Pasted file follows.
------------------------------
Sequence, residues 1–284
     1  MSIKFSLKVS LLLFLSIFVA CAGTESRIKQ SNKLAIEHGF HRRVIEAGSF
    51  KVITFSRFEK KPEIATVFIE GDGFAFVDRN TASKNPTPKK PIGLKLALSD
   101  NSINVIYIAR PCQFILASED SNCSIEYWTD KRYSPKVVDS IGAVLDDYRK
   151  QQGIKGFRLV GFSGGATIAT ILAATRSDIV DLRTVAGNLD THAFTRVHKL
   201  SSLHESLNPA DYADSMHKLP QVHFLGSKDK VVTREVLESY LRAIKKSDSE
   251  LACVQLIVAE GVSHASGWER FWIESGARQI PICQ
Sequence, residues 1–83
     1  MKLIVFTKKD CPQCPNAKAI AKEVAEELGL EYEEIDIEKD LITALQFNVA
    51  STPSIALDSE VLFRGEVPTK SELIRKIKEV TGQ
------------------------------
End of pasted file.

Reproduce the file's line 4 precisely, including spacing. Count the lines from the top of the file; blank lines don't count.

   101  NSINVIYIAR PCQFILASED SNCSIEYWTD KRYSPKVVDS IGAVLDDYRK